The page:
Health

Rise and grind? Experts reveal the best time to drink coffee

Better a latte than never?

While some TikTok users blame their mid-afternoon energy drops on drinking coffee first thing in the morning, researchers reveal the pros and cons of delaying your caffeine intake.

“Everyone reacts differently to caffeine,” Marilyn Cornelis, a caffeine researcher at Northwestern University Feinberg School of Medicine, told the New York Times on Wednesday.

While some TikTok users blame their mid-afternoon energy drops on drinking coffee first thing in the morning, researchers reveal the pros and cons of delaying your caffeine intake. Getty Images/iStockphoto
Michael Grandner, director of the Sleep and Health Research Program at the University of Arizona, said it takes about 20 to 30 minutes to feel the effects of caffeine after it’s absorbed into the bloodstream. Getty Images/iStockphoto

Caffeine can make it harder to fall asleep – and stay asleep – because it competes with adenosine, a naturally occurring chemical in the body that promotes sleepiness.

Michael Grandner, director of the Sleep and Health Research Program at the University of Arizona, told the Times that it takes about 20 to 30 minutes to feel the effects of caffeine after it is absorbed into the bloodstream.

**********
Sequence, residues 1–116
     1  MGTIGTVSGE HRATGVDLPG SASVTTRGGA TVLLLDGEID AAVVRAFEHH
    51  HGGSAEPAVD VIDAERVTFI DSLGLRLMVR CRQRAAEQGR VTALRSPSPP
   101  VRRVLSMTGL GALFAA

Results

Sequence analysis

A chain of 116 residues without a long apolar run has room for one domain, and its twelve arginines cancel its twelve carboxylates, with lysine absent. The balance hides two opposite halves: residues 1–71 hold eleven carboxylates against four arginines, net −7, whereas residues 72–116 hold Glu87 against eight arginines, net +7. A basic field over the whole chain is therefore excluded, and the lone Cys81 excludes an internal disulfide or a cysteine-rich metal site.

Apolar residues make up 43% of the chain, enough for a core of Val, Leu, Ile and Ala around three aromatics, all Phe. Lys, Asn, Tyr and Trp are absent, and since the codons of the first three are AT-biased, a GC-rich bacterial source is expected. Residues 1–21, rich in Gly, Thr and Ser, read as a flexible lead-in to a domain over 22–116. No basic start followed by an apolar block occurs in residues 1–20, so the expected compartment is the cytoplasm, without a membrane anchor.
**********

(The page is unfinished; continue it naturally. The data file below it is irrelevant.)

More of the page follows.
Grandner said he usually waits 30 to 60 minutes after waking up to enjoy his first cup. Getty Images

Genetics plays a role in how long caffeine keeps you alert, Cornelis said: Some only need one coffee for the entire day, while others fall asleep a few hours later.

Grandner said he usually waits 30 to 60 minutes after waking up to enjoy his first cup.

The idea is that since adenosine builds up throughout the day, drinking coffee first thing in the morning would give you “less bang for your buck” because your adenosine levels are at their lowest.

Dr Deborah Lee, sleep expert for British furniture maker Get Laid Beds, also advises making your first cup 45 minutes or more after getting up.

“The hormone cortisol (stress) follows a rhythm specific to your own sleep cycle,” Lee told the Mirror in February. “High cortisol levels can impact your immune system, and if they’re already at their peak when you wake up, drinking coffee as soon as your eyes are open can do more harm than good, and may even make you immune against caffeine for a long time. period of time.”

Caffeine can make it harder to fall asleep – and stay asleep – because it competes with adenosine, a naturally occurring chemical in the body that promotes sleepiness. Getty Images/iStockphoto

But Allison Brager, a U.S. Army neurobiologist, told the Times that research has shown that regular caffeine consumption has little effect on morning cortisol levels.

Brager said coffee in the morning can still help workers and athletes stay focused, while delaying it can extend the effects of caffeine into the early afternoon.

But don’t wait too long to drink it: Grandner and Lee advise finishing your last cup at least six hours before bed to get a restful sleep.



News Source : nypost.com
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